The Meadow Rose in bloom in the 4-H Prairie Garden on the Buntjer farm.

Speaking of smells — not the dirty diaper kind, but the enjoyable fragrances of summer kind — the flowers in my perennial garden at home, and in the prairie garden at the farm, are spectacular this year.

The fern leaf peony blooming in my backyard came from a portion of a plant my Grandma Kohls had grown on the Kohls family Century Farm.

The fern leaf peony blooming in my backyard came from a portion of a plant my Grandma Kohls had grown on the Kohls family Century Farm.

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Prairie Smoke, blooming in the 4-H Prairie Garden out on the Buntjer family farm.

Thanks to the lovely rains, my lush lawn has even started to grow mushrooms. They, by the way, are certainly not as pretty as the bleeding heart, fern-leaf peonies, prairie smoke and meadow rose blooms in the gardens. One look at my backyard and you’d think I have a green thumb. The lack of any living plant inside my home reveals a completely different story! I’m thankful for timely rains to water the blooms — and two plastic tubs to serve as my rain barrels.

The rains, while great for the garden and the farmers’ fields, have also kept me away from the lake on many of the days I had set aside to fish. At least three times this season, I’ve had to pack up my gear as the clouds opened overhead.

Still, I’ve had enough time to land some fish, fish with friends and create some fish stories. If you read my coworker Robin’s latest “The Adventures of Power Femme” blog, “Casting out the (dare)devils,” you may have already enjoyed the latest fish tale involving yours truly. I’d just like to point out a couple of things — I did scream, once, at one of those nasty, blood-sucking leeches, as I tried to put it on coworker Roberta’s fish hook. And, if it makes either Robin or Roberta feel better about their casts getting caught in the wind and carried into the tree tops, all I need do is take them to Hawkinson Bridge. Standing there, facing west, they can look up to see fishing line and lures dangling from the power lines. Yep, some of that mess belongs to me, my brothers, and their fishing friends when we learned to fish about 35 years ago.

So it isn't as big as a river catfish, but my catch on Lake Okabena last Saturday was equally as disgusting! I was hoping for a lunker of a walleye!

So it isn’t as big as a river catfish, but my catch on Lake Okabena last Saturday was equally as disgusting! I was hoping for a lunker of a walleye!

The giddy goats

While I was in the cities for a couple of days last month, my dad decided he needed to buy a couple of goats “for the grandkids.”

I have a soft spot for the inquisitive animals, having raised them as 4-H and FFA projects for more than a decade in my youth. I couldn’t think of a better animal to raise and show — and of course, I’m biased.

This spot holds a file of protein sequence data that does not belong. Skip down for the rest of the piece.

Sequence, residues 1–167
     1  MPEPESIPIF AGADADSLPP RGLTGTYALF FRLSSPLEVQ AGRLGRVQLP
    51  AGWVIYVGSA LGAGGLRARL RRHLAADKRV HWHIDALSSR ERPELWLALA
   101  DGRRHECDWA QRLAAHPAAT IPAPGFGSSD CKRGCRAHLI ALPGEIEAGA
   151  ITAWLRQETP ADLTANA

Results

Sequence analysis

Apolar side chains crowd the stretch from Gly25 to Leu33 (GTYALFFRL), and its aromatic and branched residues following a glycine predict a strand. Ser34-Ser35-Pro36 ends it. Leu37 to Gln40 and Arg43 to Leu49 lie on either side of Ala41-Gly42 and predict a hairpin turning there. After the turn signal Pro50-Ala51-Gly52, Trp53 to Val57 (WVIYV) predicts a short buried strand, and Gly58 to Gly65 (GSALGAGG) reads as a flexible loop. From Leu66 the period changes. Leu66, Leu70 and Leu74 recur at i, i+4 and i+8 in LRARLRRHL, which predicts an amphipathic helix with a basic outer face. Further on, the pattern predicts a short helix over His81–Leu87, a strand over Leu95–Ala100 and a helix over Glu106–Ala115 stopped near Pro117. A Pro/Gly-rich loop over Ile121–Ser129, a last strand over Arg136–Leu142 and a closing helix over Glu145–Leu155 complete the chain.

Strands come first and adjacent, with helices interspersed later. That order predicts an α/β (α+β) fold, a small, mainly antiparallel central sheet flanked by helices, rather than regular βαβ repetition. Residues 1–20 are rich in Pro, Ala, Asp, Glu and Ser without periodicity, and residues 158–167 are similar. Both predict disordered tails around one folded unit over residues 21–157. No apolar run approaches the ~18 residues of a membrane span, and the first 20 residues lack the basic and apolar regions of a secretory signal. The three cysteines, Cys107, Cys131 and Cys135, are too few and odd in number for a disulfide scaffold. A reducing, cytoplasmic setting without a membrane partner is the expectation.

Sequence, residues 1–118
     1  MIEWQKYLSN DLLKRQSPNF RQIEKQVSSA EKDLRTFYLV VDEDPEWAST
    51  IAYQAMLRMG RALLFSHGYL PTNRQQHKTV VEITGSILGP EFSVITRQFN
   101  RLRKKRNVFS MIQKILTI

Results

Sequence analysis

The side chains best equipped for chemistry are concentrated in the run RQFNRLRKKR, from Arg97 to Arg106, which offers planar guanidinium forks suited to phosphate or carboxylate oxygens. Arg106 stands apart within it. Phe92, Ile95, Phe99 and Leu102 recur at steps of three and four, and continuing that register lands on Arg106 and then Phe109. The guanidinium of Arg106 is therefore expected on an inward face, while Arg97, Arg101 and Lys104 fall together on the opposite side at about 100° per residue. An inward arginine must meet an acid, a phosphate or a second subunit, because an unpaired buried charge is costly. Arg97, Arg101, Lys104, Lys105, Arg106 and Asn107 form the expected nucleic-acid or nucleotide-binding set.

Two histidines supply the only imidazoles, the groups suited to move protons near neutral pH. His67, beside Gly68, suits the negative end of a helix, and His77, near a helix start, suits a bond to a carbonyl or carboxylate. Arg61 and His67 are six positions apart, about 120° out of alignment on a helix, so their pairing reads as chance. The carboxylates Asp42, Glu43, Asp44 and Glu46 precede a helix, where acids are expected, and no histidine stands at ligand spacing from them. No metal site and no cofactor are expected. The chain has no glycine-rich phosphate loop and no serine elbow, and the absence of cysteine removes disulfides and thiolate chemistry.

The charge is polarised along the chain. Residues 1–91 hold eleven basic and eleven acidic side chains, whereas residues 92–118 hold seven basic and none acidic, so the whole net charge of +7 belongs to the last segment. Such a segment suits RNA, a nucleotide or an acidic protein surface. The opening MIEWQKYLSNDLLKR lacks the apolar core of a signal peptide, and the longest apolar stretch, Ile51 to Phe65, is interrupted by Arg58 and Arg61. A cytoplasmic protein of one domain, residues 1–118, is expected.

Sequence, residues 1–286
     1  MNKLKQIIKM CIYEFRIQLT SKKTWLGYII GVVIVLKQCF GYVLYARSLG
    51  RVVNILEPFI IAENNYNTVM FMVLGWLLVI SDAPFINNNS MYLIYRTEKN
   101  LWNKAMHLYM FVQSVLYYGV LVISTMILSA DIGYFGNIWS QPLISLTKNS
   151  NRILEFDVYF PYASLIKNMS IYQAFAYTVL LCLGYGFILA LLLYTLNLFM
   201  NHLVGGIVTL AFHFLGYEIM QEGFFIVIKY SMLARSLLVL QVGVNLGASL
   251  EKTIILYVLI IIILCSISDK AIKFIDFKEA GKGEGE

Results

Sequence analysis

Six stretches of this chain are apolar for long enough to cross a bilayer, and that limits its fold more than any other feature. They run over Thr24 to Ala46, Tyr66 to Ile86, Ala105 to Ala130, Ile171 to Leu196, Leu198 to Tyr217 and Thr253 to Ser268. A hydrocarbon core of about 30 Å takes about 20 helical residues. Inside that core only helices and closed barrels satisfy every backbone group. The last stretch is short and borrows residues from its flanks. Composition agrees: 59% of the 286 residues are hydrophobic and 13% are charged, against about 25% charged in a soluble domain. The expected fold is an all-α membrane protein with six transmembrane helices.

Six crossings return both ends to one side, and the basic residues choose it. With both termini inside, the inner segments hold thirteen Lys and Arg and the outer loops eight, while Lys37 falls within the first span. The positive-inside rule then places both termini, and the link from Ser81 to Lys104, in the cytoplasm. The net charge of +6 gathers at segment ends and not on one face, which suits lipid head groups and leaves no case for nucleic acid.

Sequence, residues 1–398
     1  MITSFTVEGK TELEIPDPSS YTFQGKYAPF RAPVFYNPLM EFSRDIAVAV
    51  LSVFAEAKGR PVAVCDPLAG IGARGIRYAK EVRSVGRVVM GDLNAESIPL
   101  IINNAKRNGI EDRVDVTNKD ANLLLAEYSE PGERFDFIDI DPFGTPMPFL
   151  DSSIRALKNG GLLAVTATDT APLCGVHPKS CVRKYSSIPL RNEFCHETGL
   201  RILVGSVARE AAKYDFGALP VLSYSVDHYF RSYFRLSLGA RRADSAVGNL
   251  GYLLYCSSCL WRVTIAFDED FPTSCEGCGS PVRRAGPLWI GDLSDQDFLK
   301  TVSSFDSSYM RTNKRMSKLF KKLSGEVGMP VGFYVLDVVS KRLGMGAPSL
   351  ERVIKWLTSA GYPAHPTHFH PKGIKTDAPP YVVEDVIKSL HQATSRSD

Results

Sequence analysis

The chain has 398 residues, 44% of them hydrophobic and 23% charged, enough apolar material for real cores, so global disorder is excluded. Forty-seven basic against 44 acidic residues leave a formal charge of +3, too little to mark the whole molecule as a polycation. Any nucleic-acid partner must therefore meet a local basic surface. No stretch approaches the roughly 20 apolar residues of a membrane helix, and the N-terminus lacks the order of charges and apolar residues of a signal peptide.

I spent hours in the barn with my goats — if not because of chores, then because I just liked to sit with them and let them nibble on my shoe laces. When the new crop of kids was born each spring, I’d come up with names for each and delight in their new discoveries, such as going out to pasture for the first time. Oh, how they’d kick up their back legs, run and jump and knock each other over.

They brought much laughter and many smiles to my life.

I also remember how much work they were — milking twice a day by hand, pitching manure (yes, with a pitchfork), disbudding, deworming, vaccinating, bottlefeeding, hoof trimming and then clipping their hair when it came time for the county fair.

I learned responsibility and earned my muscles while raising those goats.

I was living in Redwood Falls, in the second stint of my journalism career, when the matriarch of the herd died. She’d lived a good, long life and, just as pet owners might mourn the loss of a dog or a cat, I mourned the loss of my great friend.

The new goats on the Buntjer farm.

The new goats on the Buntjer farm.

After her death, I told my dad it was time to sell the rest of the herd. By then, I was no longer the day-to-day caretaker. I had lost my attachment to the new kids on the block. I shed a few tears and hoped they’d be well cared for when they were sold, as a herd, to another farmer.

Now, there are a couple of new kids on the block, and it’s up to “the grandkids” — my nieces, nephews, great-nieces and great-nephew — to befriend this pair of Nubians.

I’m not even sure of the goats’ names. One looks like my Princess, with her black body and white ears, and the other resembles my Tessa, brown-bodied with white ears. Unfortunately, the demeanor of these two is far from the Princess and Tessa who were a part of my herd some 30 years ago.

These two hop like rabbits and run like deer — and have no interest, whatsoever, in approaching a human. They are impossible to catch unless cornered inside the barn and then, when they finally are caught, they are so scared they shiver like they’re in shock.

It will take a lot of effort and work by “the grandkids,” to get this pair tame by the end of summer. I’m guessing both the kids — and the kids — will learn from this experience.